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I currently have some code which needs to perform multiple updates per user for thousands of users, incrementing a counter depending on an action they've taken in order to track what actions are being performed. Each action consists of subactions which need to have the count updated too. These need to be tracked by day.

So I am storing "action":"actionName", "day":day, "count": count, for actions per day (e.g. incoming from outside web page, start game, stop game by exiting, concatenated with the game name for a lot of games).

Each day I get a few thousand rows (one per unique action) added which are updated a few hundred thousand times each day to increase the count.

The relevant code is as follows (creating array of actions not included).

$m = new Mongo();
$db = $m->actionsDB;
$collection = $db->action_count;

foreach ($arr as $action) {
    $collection->update(array("action" => $action, "day" => $day),array('$inc' => array("count" => 1)),array("upsert" => true));)
$collection->ensureIndex(array("action" => 1, "day" => -1));

An example of the series of updates made on an action and subactions would be: startGame, 20110417; startGameZork, 20110417; startGameZorkWindows, 20110417

The problem seems to be that with this code running on the server, mongo commands in the shell get queued up.

Currently I'm unsure as to why, I guess there may be a performance issue with so many updates per second.

What I am wondering is how can I increase performance? I'm pretty new to mongo, so not entirely sure what options are available. I looked at PHP's batchInsert but I can't see any mention of doing batchUpdate (so instead of updating, creating an array holding all the data I currently update then doing a batchUpdate in a single trip to the DB).

Mongo driver version is 1.2.0, so persistent connections are by default.

Edit: db.serverStatus() before, during and after on ~1600 updates per second (30 seconds). Test Data

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Curiosity compels me. If the server is running right now, can you run in shell db.serverStatus()? And update with results? Although I'm mildly unfamiliar with mongodb, the queue issue is most likely due to locking mechanisms or number of available connections. – Khez Apr 17 '11 at 4:27
The server is running but for now we disabled the mongo update code. Doesn't seem to be having an effect on client speed but wanted to make sure there were no problems over the weekend. – BongoFlat Apr 17 '11 at 4:45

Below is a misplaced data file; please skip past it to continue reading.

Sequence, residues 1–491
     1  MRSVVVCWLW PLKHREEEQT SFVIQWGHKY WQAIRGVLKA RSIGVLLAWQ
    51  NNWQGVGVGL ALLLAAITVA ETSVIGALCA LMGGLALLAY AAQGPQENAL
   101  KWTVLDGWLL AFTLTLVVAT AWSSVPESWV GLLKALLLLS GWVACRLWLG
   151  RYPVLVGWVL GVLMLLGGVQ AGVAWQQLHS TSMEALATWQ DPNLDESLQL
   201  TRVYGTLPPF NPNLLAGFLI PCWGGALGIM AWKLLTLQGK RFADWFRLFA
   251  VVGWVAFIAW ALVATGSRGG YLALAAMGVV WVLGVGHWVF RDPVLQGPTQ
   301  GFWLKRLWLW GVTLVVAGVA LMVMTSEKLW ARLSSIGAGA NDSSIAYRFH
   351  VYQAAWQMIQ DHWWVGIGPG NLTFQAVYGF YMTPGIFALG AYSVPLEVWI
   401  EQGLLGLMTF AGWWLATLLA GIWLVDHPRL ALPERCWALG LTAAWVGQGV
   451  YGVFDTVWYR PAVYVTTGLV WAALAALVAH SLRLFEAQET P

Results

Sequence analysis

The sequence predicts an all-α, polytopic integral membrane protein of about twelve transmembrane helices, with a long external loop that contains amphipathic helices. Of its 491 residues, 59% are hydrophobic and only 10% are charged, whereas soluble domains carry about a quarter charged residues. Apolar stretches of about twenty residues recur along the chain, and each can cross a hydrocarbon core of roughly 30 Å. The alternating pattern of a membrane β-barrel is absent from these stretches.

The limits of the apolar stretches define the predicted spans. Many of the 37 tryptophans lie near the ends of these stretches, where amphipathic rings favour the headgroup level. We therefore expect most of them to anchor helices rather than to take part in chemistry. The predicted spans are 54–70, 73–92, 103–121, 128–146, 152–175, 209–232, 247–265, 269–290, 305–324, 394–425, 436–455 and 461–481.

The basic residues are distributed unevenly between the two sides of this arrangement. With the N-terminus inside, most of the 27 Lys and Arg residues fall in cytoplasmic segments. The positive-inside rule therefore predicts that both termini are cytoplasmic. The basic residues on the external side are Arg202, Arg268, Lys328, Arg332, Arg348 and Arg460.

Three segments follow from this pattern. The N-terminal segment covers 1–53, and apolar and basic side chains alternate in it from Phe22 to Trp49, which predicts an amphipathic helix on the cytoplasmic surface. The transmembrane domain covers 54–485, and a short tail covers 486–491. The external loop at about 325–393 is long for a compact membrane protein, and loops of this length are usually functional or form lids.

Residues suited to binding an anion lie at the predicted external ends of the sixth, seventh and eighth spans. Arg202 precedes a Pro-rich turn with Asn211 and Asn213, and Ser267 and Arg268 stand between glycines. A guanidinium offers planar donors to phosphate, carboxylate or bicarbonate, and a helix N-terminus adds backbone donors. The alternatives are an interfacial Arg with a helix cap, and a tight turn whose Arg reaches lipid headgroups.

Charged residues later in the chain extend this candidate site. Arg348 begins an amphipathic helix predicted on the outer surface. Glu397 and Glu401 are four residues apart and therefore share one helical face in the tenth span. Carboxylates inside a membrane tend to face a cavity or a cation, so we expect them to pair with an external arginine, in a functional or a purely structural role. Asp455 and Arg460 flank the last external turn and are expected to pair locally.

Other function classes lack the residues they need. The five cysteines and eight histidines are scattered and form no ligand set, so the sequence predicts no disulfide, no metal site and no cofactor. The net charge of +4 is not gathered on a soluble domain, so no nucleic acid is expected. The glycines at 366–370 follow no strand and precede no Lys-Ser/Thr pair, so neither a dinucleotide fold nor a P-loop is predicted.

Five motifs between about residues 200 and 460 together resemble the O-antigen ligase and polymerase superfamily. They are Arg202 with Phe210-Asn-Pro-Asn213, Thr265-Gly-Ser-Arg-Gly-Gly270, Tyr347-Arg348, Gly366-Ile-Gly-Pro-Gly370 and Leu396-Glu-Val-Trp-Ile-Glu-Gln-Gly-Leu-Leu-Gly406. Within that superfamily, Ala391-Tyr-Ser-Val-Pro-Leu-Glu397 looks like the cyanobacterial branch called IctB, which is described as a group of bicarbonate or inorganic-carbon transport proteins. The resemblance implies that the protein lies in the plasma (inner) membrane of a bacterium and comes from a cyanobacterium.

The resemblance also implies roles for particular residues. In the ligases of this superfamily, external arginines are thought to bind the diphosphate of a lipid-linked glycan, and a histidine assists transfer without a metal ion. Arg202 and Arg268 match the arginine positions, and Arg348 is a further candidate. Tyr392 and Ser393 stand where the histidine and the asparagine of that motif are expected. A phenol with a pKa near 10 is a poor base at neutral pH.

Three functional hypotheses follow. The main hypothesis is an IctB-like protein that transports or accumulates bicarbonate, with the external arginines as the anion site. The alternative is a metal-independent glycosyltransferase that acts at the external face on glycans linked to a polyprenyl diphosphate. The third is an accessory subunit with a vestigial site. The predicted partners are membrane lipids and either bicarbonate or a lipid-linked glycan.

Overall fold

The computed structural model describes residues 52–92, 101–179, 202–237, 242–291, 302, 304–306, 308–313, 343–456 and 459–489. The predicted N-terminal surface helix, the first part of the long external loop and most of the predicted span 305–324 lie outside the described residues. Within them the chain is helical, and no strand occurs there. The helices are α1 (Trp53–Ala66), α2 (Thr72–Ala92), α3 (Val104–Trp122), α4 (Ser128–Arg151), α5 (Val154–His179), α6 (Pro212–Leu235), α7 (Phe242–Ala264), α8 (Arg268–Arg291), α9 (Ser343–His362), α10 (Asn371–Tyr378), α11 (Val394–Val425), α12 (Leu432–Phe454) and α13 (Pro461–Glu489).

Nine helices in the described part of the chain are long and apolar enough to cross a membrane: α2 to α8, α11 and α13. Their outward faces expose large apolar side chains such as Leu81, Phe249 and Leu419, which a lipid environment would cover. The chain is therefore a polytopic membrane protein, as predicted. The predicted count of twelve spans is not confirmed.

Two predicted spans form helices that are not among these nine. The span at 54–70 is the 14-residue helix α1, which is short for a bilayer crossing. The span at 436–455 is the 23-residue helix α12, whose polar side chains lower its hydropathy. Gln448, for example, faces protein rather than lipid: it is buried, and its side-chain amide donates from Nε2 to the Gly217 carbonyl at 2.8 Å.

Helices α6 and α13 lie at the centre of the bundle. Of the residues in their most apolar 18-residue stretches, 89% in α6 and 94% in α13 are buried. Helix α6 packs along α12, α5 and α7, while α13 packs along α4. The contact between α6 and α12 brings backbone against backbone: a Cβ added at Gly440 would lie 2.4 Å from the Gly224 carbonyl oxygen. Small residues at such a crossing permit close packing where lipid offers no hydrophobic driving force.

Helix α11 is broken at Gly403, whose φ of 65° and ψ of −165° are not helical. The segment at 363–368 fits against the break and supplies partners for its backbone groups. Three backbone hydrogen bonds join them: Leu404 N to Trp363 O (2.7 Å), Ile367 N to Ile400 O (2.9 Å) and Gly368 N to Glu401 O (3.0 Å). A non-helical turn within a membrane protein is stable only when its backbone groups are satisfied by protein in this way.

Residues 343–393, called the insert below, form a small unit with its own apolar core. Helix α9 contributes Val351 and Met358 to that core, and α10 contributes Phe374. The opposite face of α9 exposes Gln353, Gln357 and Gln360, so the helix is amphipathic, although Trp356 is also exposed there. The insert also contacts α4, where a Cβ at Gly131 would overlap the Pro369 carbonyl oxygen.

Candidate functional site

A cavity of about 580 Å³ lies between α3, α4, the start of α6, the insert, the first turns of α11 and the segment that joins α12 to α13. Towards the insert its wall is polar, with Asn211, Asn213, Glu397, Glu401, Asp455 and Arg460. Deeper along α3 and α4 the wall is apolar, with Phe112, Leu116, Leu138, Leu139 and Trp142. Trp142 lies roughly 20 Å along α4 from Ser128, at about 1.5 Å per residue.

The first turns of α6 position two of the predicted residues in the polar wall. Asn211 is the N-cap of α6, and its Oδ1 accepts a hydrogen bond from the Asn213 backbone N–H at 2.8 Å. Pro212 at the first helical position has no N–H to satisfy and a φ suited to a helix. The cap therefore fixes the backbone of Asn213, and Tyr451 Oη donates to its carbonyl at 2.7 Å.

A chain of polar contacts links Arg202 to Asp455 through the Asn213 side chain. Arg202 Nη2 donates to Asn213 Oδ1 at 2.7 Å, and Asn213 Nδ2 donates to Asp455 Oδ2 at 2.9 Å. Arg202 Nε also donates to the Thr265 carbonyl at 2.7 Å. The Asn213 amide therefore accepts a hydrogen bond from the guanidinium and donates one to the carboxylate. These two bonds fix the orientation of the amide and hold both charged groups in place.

"""Currently I'm unsure as to why, I guess there may be a performance issue with so many updates per second.""" - wild claim unless you come up with a benchmark. Write a benchmark and them come back with solid numbers. Making a claim without evidence is not worth a question. – Andreas Jung Apr 17 '11 at 4:49
@RestRisiko He made an assumption that's unrelated to the question. – Khez Apr 17 '11 at 5:02
@Khez I've uploaded the db.serverStatus() before, during and after updating some test data (~1600 per second for 30 seconds). Test Data – BongoFlat Apr 17 '11 at 7:17
up vote 1 down vote accepted

There is no built-in batching for updates/upserts. You can only limit the docs to be updated by adjusting your query expression and adding some further filter for "emulating" a batch somehow. MongoDB won't help you here. Updates/Upserts are one or all.

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Understood, thanks for the info. – BongoFlat Apr 17 '11 at 5:56
accept and vote please – Andreas Jung Apr 17 '11 at 7:31
slightly incorrect. there is a batch upsert with mongoimport. but you can't use update operators like $inc, $set, $addToSet, etc. – Tom Mar 27 '12 at 6:15
There is method for bulk upsert and update ref : – Navneet Garg Mar 31 '15 at 7:29

If you have a chance to store your data in a file (json or csv), you could try to insert the data using the command-line mongoimport utility .

In this way you can use the --upsert flag to update/insert documents if they are already present/new

For example from PHP:

exec("mongoimport --db <bdname> --collection <collection_name> --jsonArray --upsert --file $data_file");
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